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Publication Detail
A comparison of similarity measures for use in 2-D-3-D medical image registration
  • Publication Type:
    Journal article
  • Publication Sub Type:
    Article
  • Authors:
    Penney GP, Weese J, Little JA, Desmedt P, Hill DL, Hawkes DJ
  • Publication date:
    08/1998
  • Pagination:
    586, 595
  • Journal:
    IEEE TRANS MED IMAGING
  • Volume:
    17
  • Issue:
    278-0062 (Print), 4
  • Keywords:
    Algorithms, Comparative Study, Fluoroscopy, Humans, Phantoms, Imaging, Research Support, Non-U.S.Gov't, Spine, radiography, Tomography, X-Ray Computed
  • Addresses:
    Division of Radiological Sciences, UMDS, Guy's Hospital, London UK
  • Notes:
    DA - 19990210
Abstract
A comparison of six similarity measures for use in intensity-based two-dimensional-three-dimensional (2-D-3-D) image registration is presented. The accuracy of the similarity measures are compared to a "gold-standard" registration which has been accurately calculated using fiducial markers. The similarity measures are used to register a computed tomography (CT) scan of a spine phantom to a fluoroscopy image of the phantom. The registration is carried out within a region-of-interest in the fluoroscopy image which is user defined to contain a single vertebra. Many of the problems involved in this type of registration are caused by features which were not modeled by a phantom image alone. More realistic "gold-standard" data sets were simulated using the phantom image with clinical image features overlaid. Results show that the introduction of soft-tissue structures and interventional instruments into the phantom image can have a large effect on the performance of some similarity measures previously applied to 2-D-3-D image registration. Two measures were able to register accurately and robustly even when soft-tissue structures and interventional instruments were present as differences between the images. These measures were pattern intensity and gradient difference. Their registration accuracy, for all the rigid-body parameters except for the source to film translation, was within a root-mean-square (rms) error of 0.54 mm or degrees to the "gold-standard" values. No failures occurred while registering using these measures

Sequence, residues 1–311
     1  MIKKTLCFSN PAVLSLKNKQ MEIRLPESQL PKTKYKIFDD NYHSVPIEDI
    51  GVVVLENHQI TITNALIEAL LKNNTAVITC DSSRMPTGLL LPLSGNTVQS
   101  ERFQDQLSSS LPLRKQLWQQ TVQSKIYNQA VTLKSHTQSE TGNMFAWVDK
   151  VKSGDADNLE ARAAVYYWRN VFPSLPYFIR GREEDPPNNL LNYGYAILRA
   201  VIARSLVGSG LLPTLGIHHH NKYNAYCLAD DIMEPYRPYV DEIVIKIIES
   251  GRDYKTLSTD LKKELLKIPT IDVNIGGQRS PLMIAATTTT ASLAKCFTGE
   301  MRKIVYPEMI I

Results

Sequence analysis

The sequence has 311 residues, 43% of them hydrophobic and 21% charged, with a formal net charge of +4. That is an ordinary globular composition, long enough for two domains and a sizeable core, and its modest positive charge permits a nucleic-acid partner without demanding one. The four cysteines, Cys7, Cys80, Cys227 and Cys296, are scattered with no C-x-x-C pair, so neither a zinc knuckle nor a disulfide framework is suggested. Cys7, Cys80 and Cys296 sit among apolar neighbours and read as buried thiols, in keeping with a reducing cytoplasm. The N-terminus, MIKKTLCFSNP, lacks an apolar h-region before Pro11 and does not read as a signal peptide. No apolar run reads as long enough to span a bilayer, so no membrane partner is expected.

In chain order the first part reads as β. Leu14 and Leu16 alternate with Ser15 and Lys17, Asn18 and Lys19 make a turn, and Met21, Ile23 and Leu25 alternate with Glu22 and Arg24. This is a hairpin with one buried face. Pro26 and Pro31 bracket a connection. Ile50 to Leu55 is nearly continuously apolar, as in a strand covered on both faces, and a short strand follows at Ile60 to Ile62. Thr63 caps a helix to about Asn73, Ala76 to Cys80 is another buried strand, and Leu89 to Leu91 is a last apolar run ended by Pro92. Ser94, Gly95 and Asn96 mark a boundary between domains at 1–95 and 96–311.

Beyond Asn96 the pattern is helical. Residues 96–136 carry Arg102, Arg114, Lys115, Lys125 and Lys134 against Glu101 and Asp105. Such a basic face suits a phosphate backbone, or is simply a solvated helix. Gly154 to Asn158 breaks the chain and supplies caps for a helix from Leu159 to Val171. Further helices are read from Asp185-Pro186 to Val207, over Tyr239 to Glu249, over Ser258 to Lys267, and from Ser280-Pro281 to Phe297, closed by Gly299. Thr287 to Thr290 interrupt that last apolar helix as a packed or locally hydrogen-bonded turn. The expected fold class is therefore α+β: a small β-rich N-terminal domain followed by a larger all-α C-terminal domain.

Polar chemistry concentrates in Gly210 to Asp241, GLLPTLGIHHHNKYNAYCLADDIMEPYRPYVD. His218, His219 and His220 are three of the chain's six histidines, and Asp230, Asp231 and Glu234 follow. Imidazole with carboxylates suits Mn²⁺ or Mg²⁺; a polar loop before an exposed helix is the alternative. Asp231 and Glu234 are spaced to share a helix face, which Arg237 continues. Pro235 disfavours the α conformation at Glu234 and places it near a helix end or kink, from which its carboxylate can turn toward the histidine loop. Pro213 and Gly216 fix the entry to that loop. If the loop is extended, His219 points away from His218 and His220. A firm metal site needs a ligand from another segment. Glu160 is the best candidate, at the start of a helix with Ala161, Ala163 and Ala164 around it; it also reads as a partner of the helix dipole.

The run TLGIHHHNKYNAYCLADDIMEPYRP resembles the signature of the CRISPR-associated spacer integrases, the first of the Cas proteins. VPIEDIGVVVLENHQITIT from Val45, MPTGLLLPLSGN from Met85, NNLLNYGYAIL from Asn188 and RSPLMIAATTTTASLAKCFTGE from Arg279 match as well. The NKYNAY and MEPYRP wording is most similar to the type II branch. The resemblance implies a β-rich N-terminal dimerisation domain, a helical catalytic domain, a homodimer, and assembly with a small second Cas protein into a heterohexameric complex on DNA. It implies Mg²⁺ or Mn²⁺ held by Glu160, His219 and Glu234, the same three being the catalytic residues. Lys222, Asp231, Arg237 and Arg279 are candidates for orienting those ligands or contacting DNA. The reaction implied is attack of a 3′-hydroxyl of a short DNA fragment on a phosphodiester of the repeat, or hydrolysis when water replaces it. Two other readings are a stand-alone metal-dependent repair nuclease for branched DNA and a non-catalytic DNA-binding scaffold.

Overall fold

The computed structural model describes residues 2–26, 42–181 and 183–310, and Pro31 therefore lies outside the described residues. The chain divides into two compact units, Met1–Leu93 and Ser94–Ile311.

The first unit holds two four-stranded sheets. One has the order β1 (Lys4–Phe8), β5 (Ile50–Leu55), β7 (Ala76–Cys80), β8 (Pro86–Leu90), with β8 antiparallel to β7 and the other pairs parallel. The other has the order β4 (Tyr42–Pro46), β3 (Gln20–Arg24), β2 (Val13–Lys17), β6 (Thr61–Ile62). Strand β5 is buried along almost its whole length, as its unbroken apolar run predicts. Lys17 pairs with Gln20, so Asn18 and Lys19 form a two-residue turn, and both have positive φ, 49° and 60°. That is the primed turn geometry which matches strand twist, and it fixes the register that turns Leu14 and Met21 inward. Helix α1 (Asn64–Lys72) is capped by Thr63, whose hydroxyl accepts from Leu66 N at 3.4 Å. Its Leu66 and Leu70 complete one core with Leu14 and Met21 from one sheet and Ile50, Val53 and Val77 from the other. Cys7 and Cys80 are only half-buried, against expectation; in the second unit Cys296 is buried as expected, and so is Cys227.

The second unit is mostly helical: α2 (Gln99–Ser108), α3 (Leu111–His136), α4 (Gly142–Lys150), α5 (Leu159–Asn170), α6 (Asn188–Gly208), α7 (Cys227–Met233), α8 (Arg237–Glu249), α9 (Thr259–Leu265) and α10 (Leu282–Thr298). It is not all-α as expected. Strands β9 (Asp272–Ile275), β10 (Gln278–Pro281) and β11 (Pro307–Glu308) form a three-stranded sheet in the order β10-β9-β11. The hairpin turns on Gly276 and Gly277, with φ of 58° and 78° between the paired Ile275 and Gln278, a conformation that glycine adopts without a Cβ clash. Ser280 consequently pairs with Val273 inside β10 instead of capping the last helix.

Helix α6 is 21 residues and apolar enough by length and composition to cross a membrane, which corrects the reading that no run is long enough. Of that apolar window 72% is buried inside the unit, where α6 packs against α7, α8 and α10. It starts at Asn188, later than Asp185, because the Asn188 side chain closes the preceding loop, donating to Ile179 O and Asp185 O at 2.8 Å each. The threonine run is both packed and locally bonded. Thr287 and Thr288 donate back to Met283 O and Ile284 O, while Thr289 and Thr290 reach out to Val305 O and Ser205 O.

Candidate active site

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Dept of Med Phys & Biomedical Eng
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